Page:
I went down to breakfast and Yasmine was sat at the table with a very unhappy expression on her face. She looked defensive and sulky, as if she was anticipating some very serious lecturing from me. But I simply sat with her at the table and calmly said without a hint of anger or reprimand in my voice, “You’re usually so kind and caring Yasmine, you must have been feeling really upset and frustrated to hit Yara the way you did.” Suddenly, her face completely changed – her eyes softened and the sulky expression disappeared. Then without any hesitation she jumped into my arms and started to cry. I held her close to me and she started to explain her version of what had happened: “My dresses were in Yara’s cupboard, I guess Mummy must have put them there because they were too small for me. But I wanted to keep them so that I could give them to my cousin!”

I simply listened and nodded, and then repeated what she had said back to her to show her that I understood. “So you were upset and frustrated that Yara was using your dresses without you being aware of it because you wanted to give the dresses to your cousin?” She seemed so relieved that I was actually listening to her, and in that moment I felt an overwhelming sense of bonding and connection with my daughter, and it was clear from the look on Yasmine’s face that she felt the same. I still wanted Yasmine to learn that these things cannot be resolved with aggression and was about to say something about this, but before I could give it much further thought, she jumped up and was writing a message for Yara on the eraser board in our kitchen: “Yara, I love you, you’re the best sister ever”, it read. Yara was listening to all of this without a word and I helped her read Yasmine’s message, and it wasn’t long before she wrote her own message in return, which simply read: “I love you!”. I felt so proud of my two daughters that morning for managing to get over their negative feelings, and proud of myself for choosing to respond in a more effective way.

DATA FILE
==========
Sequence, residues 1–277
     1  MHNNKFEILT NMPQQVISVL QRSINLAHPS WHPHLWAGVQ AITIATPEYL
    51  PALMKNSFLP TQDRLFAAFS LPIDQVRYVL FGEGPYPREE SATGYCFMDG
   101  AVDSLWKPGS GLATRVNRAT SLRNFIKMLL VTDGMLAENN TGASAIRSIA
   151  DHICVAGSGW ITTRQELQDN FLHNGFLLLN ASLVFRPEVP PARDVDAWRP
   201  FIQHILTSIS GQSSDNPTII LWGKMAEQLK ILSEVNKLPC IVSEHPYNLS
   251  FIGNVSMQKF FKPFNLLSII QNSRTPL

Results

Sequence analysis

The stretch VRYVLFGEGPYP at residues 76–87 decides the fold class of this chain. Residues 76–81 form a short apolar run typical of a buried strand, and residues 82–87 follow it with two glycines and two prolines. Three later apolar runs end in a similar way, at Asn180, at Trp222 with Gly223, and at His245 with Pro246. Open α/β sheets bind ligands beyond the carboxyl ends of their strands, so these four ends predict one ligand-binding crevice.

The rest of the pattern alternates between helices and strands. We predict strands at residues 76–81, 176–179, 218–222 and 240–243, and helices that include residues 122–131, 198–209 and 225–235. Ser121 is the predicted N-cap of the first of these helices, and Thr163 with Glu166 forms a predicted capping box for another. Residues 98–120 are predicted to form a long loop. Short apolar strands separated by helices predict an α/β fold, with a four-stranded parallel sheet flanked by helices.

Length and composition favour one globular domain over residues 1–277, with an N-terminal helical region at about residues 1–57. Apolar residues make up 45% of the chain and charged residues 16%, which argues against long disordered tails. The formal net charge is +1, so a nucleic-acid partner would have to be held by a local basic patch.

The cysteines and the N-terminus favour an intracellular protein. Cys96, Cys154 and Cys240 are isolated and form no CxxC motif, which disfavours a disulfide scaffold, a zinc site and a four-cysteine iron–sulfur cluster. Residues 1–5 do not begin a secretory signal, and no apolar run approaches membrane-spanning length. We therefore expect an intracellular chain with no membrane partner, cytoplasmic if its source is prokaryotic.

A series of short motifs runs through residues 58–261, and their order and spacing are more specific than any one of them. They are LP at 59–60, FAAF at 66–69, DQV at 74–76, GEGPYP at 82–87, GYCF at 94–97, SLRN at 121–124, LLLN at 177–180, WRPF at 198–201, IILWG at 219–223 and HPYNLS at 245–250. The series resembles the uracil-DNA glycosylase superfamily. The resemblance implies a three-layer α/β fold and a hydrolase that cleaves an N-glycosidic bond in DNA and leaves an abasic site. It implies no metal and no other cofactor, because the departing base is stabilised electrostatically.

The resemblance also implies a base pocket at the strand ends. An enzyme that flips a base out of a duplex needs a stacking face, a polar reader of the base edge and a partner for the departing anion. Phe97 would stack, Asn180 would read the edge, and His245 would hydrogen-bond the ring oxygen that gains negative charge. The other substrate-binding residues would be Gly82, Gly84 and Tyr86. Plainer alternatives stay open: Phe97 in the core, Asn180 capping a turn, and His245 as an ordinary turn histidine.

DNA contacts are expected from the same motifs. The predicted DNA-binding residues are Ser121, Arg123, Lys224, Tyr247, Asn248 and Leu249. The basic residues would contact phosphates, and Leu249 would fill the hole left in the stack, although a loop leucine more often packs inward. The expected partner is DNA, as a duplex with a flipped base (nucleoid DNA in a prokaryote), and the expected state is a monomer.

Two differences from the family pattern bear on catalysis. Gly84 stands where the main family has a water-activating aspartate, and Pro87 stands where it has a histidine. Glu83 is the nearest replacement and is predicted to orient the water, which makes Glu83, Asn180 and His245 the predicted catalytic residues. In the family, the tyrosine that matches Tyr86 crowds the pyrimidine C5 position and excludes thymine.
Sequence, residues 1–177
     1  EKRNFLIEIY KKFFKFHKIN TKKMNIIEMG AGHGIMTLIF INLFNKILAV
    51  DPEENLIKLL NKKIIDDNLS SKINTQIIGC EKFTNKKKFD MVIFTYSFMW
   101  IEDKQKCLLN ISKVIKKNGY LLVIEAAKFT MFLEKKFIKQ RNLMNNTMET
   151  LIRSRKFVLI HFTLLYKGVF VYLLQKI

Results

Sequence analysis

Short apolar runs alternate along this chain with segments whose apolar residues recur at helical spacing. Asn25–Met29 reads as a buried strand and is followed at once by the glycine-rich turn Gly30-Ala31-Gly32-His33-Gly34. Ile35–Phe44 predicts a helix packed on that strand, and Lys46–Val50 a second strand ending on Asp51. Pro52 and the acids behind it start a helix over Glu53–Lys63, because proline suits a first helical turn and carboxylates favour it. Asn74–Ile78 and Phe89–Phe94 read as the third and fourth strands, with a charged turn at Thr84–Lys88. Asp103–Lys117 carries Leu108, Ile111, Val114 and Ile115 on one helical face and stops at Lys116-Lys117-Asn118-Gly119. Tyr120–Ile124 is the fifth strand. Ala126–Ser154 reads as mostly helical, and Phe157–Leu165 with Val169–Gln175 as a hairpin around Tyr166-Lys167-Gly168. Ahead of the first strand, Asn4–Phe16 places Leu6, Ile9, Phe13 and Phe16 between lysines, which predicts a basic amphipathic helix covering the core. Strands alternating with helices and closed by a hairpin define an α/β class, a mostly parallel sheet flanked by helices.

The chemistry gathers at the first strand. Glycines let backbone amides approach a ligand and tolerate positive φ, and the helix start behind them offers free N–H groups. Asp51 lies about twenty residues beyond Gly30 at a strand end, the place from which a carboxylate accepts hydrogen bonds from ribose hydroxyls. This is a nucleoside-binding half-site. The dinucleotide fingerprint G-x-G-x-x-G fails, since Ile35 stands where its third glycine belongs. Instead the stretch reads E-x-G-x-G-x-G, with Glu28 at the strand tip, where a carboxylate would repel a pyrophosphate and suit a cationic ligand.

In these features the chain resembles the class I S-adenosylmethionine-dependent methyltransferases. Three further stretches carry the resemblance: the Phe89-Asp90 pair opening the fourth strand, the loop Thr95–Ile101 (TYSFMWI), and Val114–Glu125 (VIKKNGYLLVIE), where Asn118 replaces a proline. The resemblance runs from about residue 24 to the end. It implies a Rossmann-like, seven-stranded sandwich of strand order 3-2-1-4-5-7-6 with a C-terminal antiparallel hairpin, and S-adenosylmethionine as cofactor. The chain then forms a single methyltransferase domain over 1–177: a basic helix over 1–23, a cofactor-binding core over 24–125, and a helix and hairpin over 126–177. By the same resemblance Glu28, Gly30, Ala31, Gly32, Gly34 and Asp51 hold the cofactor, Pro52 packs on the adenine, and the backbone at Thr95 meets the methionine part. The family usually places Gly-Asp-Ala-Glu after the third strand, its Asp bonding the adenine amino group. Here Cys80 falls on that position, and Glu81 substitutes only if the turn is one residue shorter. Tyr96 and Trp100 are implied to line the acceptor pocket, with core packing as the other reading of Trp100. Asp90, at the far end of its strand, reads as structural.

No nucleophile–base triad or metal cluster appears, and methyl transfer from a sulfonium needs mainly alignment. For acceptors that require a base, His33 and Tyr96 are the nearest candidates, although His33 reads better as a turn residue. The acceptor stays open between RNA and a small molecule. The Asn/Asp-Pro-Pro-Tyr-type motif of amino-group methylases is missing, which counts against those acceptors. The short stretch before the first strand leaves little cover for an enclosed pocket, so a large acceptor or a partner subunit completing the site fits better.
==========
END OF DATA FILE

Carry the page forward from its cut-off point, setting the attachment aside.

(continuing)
And the best part of all this actually happened at the end of the week when my wife got back. We had our weekly Family Meeting and while we were going through ‘compliments and gratitude’, which are a important part of our meetings, Yasmine told me: “Dad, I want to thank you for shouting a lot less lately”. I was beaming!